UGP Classics Indianapolis Caps - Tri-Cranberry

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American Apparel Unisex Tri-Blend Short Sleeve Tee
 
The American Apparel Tri-Blend is the softest, comfiest, and best T-shirt out there. Great vintage feel that gets softer the more you wear it!

50% polyester, 25% cotton, 25% rayon blend.

Unisex sizing. Women may prefer to order one size smaller.



Indianapolis Capitols (Caps):

“I remember thinking, ‘This is what life is supposed to be about,’ " Joe Wynns said after Indianapolis Capitols or Caps claimed its first football title in 1969, winning the Continental Football League championship! 

On a frigid cold night John Nice followed the right-side blocking of Ron McCraig and Percy Griffin to run 13 yards into the Bush Stadium end zone during overtime for a 44-38 victory over San Antonio. It was deemed “Indy’s first pro title.”  The Caps’ had closeness, from the generosity of late owner Al Savill, the team voted unanimously for equal playoff shares.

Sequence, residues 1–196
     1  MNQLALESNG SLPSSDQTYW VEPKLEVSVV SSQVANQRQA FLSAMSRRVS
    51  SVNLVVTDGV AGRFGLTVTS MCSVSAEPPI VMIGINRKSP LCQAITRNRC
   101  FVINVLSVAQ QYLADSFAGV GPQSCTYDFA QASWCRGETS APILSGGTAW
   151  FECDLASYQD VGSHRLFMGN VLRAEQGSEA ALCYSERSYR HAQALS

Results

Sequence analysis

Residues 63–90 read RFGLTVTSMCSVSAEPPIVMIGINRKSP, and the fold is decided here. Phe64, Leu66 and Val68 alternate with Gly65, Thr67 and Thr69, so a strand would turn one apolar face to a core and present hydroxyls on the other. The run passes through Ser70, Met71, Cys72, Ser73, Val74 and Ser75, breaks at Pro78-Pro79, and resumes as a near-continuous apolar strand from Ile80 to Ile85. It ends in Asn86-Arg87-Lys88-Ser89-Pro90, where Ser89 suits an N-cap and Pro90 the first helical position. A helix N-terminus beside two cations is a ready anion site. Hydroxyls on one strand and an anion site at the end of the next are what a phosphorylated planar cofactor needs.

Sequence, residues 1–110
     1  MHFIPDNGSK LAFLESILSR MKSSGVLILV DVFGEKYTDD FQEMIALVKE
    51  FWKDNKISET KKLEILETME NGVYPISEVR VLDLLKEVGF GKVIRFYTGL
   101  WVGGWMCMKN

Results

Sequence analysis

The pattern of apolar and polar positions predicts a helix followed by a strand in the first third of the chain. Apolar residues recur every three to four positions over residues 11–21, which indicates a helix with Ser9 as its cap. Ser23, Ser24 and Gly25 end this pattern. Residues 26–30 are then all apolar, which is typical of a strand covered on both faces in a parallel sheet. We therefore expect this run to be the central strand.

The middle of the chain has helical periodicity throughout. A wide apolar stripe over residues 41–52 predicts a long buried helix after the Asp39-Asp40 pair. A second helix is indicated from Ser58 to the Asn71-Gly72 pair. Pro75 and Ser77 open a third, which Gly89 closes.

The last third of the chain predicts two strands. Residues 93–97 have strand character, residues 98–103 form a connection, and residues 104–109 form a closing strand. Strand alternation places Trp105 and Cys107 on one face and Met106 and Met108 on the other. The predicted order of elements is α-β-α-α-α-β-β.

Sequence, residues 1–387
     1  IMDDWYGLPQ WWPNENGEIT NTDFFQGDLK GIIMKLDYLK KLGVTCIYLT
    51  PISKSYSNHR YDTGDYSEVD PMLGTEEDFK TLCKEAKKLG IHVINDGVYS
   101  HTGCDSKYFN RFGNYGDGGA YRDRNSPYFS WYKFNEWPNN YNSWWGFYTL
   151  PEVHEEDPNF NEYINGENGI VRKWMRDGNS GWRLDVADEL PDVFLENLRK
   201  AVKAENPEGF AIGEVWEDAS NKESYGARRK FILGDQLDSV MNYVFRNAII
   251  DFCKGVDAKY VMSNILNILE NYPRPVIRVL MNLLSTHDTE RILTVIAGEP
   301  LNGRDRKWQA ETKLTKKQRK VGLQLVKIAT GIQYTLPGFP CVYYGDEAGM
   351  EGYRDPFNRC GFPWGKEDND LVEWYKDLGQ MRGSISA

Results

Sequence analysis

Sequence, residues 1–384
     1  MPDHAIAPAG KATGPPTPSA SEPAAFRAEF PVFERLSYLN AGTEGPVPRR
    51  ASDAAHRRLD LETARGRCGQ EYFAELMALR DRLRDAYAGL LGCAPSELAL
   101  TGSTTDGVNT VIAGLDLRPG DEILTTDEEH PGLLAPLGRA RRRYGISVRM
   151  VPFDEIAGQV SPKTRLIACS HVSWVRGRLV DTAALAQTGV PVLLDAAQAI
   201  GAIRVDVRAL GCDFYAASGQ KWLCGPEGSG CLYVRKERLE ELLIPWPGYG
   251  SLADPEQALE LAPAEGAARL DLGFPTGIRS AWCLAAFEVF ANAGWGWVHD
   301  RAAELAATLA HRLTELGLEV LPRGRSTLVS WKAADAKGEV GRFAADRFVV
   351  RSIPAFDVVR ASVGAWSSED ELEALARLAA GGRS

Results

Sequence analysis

In a time when racism was common, the Caps were a team proudly comprised of 70 percent African American players who watched out for each member of the team and stayed together as a team.  The Caps were led by an African American quarterback John Walton, which Joe Wolfla was quoted saying, “That was unheard of, in those days.”   Quarterback John Walton had a solid arm, and Joe Wynns, who had two NFL tryouts, was the go-to guy. Al Moore was the perfect mix of power and speed as a running back, and middle linebacker Chick Lauck could really stick ball carriers. Defensive tackle Jim Hayes was known as “Yogi Bear” because of his size and strength. Cornerback Chuck “Bo Dollar” Henry would put a dollar sign on his helmet as a tribute to his nickname.

A majority of Caps players were just trying to keep their options open for an NFL shot. The league continued the careers of some destined NFL greats such as Hall of Fame coach Bill Walsh, quarterback Ken Stabler and defensive end Otis Sistrunk.

The Capitols folded after the 1974 season, but the legacy lives on for the Caps!